Makerootfs automatically builds a toolchain (optional; only if no existing one
can be found) and cross-compiles Linux applications for ARM embedded
machines. It also installs kernel modules, toolchain libraries and
creates a jffs2 root filesystem, which can be flashed directly to the
The functionality is similar to buildroot
creates a root filesystem based on the uClibc
uses the full glibc
libraries, thus not imposing
feature restrictions for
hardware where functionality is more important than saving space. A
script to cross-compile qt-embedded
is also included.
requires a huge amount of memory and often fails to build if a
non-default configuration is used, makerootfs is based on a set of
shell scripts, that can also be called manually. So, makerootfs is
useful for any embedded system developer,
who doesn't want to use uClibc, but still wants to keep an overview
over the rootfs and make changes of his own to the software without the
"openembedded" environment. All applications can also be built
Configuration is easy and is done through a single configuration file,
allowing a quick start.
Several configuration files can co-exist.
Package sources are automatically downloaded from their corresponding
websites. Patches and configure/make options necessary for a clean
compile for ARM are included in makerootfs. Some of them are based on
files from gumstix-buildroot
A default configuration
/etc allows a quick start and produces a
usable small Linux distribution with (almost) no additional changes.
: A complete build without
opie produces a compressed jffs2 filesystem of
about 10MB. Qte and opie take additional 12MB. On a 2.4 GHz machine,
the complete build process can take about 2-3 hours.
This build system was tested on an Intel XScale CPU (PXA270), but
should work for any ARM architecture, and with few modifications might
even work for different architectures. If you try it, please let me
know of your experiences!
Documentation - Download
makerootfs is hosted on Sourceforge.net.
Check out the latest sources:
$ cvs -z3
or download a snapshot
and unpack it
tar xfvz makerootfs.tar.gz
You will find the following directories
||contains patches, configfiles
and initscripts that do not come with the original software package
||shell scripts, which download,
install selected packages into staging directory
||build a toolchain first using
crosstool (only if no toolchain is found in PATH)
||run selected scripts
(MYMAKE_LIST) in makescripts/, configured in makerootfs.conf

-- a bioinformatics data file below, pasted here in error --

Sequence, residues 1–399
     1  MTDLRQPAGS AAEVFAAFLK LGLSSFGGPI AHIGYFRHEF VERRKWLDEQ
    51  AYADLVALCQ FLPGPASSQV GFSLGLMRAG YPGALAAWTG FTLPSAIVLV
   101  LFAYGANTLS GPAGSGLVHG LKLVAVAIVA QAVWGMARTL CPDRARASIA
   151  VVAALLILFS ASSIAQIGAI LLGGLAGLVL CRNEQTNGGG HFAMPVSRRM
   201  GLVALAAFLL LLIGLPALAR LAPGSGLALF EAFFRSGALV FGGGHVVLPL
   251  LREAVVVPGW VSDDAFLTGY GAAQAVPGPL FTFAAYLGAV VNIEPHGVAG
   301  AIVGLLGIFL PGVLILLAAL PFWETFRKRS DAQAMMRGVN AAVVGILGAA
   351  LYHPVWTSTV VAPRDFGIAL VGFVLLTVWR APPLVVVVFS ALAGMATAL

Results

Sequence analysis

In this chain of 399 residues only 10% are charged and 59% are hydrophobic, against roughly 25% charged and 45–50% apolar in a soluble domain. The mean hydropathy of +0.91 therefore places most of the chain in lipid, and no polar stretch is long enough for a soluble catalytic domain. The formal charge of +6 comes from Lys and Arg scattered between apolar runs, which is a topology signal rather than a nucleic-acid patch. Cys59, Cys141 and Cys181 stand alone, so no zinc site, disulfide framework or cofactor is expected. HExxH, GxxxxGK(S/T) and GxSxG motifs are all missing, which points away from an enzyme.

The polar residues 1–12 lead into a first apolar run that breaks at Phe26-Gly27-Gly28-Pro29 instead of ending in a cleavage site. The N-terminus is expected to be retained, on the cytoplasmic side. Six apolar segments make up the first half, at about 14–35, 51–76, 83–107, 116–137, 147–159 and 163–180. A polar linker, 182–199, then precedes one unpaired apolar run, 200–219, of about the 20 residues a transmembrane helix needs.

|create skeleton root filesystem
from patches/rootfs-skel.tar.gz and
copy binaries (libraries, executables, config files, ...) into final
|copy libraries from current
toolchain into final root filesystem
|copy kernel modules into final
NOTE: As the kernel highly
device specific, makerootfs DOES NOT build a kernel automatically. Make
sure you have a compiled device kernel and update KERNELPATH in
|create final jffs2 including
device nodes and the files in rootfs/
The source code for actual software packages is downloaded during the
build process directly from the different project pages, so there is no
big tar.gz'ed "distribution" archive coming with makerootfs.
The software versions are not the latest CVS code, but tested release
An internet connection allowing downloads is therefore required. wget
is used for the majority of downloads, so it also works behind a proxy.
Currently, the sources for three projects are mirrored here and not downloaded
from their original web page by default. These are busybox, tslib and alsa. If
you need the latest version, edit the makescripts to switch to using CVS/snapshots.
All downloads are stored locally and reused later if the sources are recompiled
(default location: makerootfs/download)
the package specific make tools, wget, patch and are the only
additionally needed software on the build system, and therefore the
scripts work on any Linux system without requiring a complex setup,
like for openembedded.
Documentation - Configure makerootfs
The default configuration configuration file is
Edit this file to change the following:
- directory names
- toolchain versions
- paths (e.g. Linux kernel)
- additional options for wget
...and of course...
- select packages to be cross-compiled and included in the root
Some packages (like pcmcia-cs or hostap) need compiled kernel sources,
so make sure you set the correct paths or comment out these packages.
Otherwise you can go with the default settings.
Documentation - Run and use makerootfs
How to do a complete build to
get a final jffs2 root filesystem
If you don't want to build a toolchain,
but use an existing one, make
sure, it can be found in PATH.
The whole build process can be done in a few easy steps:
- To build a toolchain, run
If you want to use that toolchain, you need to source the